Teresa Osgood
We return to Zombay in, not a sequel, but a story that runs parallel to Goblin Secrets. One of my favorite scenes from Goblin Secrets is reproduced, but with the added richness of Kaile's point of view. Kaile is a baker's daughter with a talent for magical music, but the music gets her in trouble when she loses her shadow. Through several adventures, she also helps save the town from the flood. While I missed Rownie, I enjoyed getting to know Kaile and her new friends.
An interesting idea for a tale. The imagery of a song or tune being able to hold something together or tear it apart was well done. My 7 year old daughter read this first and then gave it to me with a high recommendation. So, a fine book for young readers but lacking the substance and depth that immerses me.
Samma Lynne
It was a solid 4. Until the last... fifth or so of the book.

And then it was easily one of the best books I read this year. I loved how everything came together. I will say that I wish the protagonist would have had an actual epiphany about her character, but I feel like she did and we just didn't quite get it.
Cecilia Rodriguez
Alexander seems to be influenced by Mercedes Lackey, as Kaile could fit in with her Bards.
The other source of the story is Irish/Welsh folktales involving a bone harp.
Kaile wants to be a musician like her grandfather, and after her little brother melts a tin flute, she get her chance.
Thank you to Murdoch Books for this review copy!

I had so many hopes for Ghoulish Song, because the description gives so much potential, makes me feel there is so much waiting within this book, but the creatures that were suggested, things that sounded incredible and were just what I wanted to be reading about, didn't get developed or explained because they were regular for the characters, and I found Kaile a really frustrating, whinger-type character. I enjoyed the perspective of her shadow, a c
This "companion" book to Alexander's NBA winning Goblin Secrets is much less substantial and much faster-paced. Its heroine is Kaile, daughter of a baker (she does appear briefly in Goblin Secrets) who brings doom upon herself by accepting and playing a bone flute given to her by a goblin. The tune she plays severs her shadow, and so, shadowless, she is declared dead and given a funeral. Physically still very much alive, Kaile must find a way to reattach her shadow, uncover the mystery of the bo ...more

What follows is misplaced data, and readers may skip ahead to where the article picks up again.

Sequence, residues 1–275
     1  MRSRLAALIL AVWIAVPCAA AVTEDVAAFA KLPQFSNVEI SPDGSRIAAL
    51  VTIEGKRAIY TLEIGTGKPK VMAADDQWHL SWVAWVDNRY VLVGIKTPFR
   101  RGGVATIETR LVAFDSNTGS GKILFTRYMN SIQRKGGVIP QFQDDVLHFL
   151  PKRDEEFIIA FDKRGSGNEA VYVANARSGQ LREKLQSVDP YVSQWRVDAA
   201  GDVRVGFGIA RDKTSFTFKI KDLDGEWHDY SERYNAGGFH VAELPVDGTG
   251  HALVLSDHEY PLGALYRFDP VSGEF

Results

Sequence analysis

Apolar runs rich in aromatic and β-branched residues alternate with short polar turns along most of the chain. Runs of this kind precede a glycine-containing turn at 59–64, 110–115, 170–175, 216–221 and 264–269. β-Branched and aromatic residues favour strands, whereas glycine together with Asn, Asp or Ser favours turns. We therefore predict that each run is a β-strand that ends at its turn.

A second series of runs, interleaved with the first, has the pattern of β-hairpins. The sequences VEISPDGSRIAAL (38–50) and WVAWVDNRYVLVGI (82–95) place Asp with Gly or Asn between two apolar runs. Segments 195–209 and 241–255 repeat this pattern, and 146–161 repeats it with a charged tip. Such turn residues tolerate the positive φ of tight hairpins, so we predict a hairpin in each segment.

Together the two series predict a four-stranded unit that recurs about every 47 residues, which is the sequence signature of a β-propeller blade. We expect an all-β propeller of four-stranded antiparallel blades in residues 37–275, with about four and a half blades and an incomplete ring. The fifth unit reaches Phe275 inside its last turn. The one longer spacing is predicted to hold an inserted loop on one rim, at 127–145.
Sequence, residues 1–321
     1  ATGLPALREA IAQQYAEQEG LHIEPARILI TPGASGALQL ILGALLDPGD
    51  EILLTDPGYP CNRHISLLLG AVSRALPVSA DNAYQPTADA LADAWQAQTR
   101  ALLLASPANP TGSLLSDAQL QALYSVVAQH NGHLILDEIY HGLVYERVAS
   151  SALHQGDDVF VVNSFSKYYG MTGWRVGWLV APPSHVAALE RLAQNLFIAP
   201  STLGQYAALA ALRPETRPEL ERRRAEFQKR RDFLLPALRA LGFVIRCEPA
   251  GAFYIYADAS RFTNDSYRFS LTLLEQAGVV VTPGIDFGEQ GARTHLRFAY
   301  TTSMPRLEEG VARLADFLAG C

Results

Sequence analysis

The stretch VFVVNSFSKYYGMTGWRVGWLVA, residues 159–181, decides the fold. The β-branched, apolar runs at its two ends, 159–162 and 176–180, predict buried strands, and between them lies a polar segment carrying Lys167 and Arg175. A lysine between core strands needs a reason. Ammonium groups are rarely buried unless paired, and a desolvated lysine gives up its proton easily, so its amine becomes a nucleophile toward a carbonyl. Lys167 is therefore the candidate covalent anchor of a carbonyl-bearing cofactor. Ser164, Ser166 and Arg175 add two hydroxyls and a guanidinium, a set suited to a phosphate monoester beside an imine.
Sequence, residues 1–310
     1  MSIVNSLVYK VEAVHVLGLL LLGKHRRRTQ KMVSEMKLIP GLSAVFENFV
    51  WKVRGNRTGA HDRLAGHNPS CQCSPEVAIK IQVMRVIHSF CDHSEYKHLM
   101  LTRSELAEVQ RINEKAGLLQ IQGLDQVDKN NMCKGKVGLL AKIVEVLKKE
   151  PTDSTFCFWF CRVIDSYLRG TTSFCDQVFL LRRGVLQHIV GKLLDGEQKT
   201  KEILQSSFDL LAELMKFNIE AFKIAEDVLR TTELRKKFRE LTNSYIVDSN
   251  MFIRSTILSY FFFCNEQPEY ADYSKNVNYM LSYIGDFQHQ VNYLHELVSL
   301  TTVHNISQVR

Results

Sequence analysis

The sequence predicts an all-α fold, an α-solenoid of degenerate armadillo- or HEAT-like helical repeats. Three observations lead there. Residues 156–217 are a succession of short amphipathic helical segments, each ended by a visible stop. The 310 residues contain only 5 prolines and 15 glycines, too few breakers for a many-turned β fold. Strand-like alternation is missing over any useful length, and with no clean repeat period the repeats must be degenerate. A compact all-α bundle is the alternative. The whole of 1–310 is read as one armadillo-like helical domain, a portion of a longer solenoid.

This year's National Book Award for teen fiction went to Goblin Secrets and rightly so. Now the next chapter in the Zombay series has been unleashed to the world. Kaile lives among goblins and witches. She has a musician's soul but when she plays her flute, its mournful song separates her from her shadow. As with Peter Pan, this can only lead to no good. The flute is doomed by a ghoul constructed by the bones of those who perished in the Zombay river. It wants the flute and threatens the next de ...more
Conrad Zero
This is not a “Part 2″ to Goblin Secrets, as some reviewers are saying. (Since William Alexander told me this himself, I’m inclined to believe him.) Ghoulish Song is a “companion” to Goblin Secrets. Both books are set in the same world at the same time. The city of Zombay, its magic, witches, Goblin-acting-troops, squidskin coats, and clockwork guards are revealed through both novels. The two books can be read in either order, and you can read either story without reading the other, but reading ...more
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Librarian Note: There is more than one author by this name in the Goodreads data base.

William Alexander won the National Book Award in 2012 for his first book, Goblin Secrets, and the Earphones Award for his narration of the audiobook. He has since written three more novels for Middle Grade audiences: Ghoulish Song, Ambassador, and Nomad.

Will studied theater and folklore at Oberlin College, Engli
More about William Alexander...

Other Books in the Series

Zombay (2 books)
  • Goblin Secrets (Zombay, #1)
Goblin Secrets (Zombay, #1) Ambassador Ana’s Tag